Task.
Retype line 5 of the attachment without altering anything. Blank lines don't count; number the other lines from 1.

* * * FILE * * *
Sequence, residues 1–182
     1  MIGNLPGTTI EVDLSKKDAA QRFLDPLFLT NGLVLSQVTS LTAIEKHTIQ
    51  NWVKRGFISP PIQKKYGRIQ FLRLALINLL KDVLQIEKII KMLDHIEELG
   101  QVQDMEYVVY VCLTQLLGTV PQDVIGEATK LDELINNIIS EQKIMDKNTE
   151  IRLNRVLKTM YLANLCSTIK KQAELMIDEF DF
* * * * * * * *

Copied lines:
   151  IRLNRVLKTM YLANLCSTIK KQAELMIDEF DF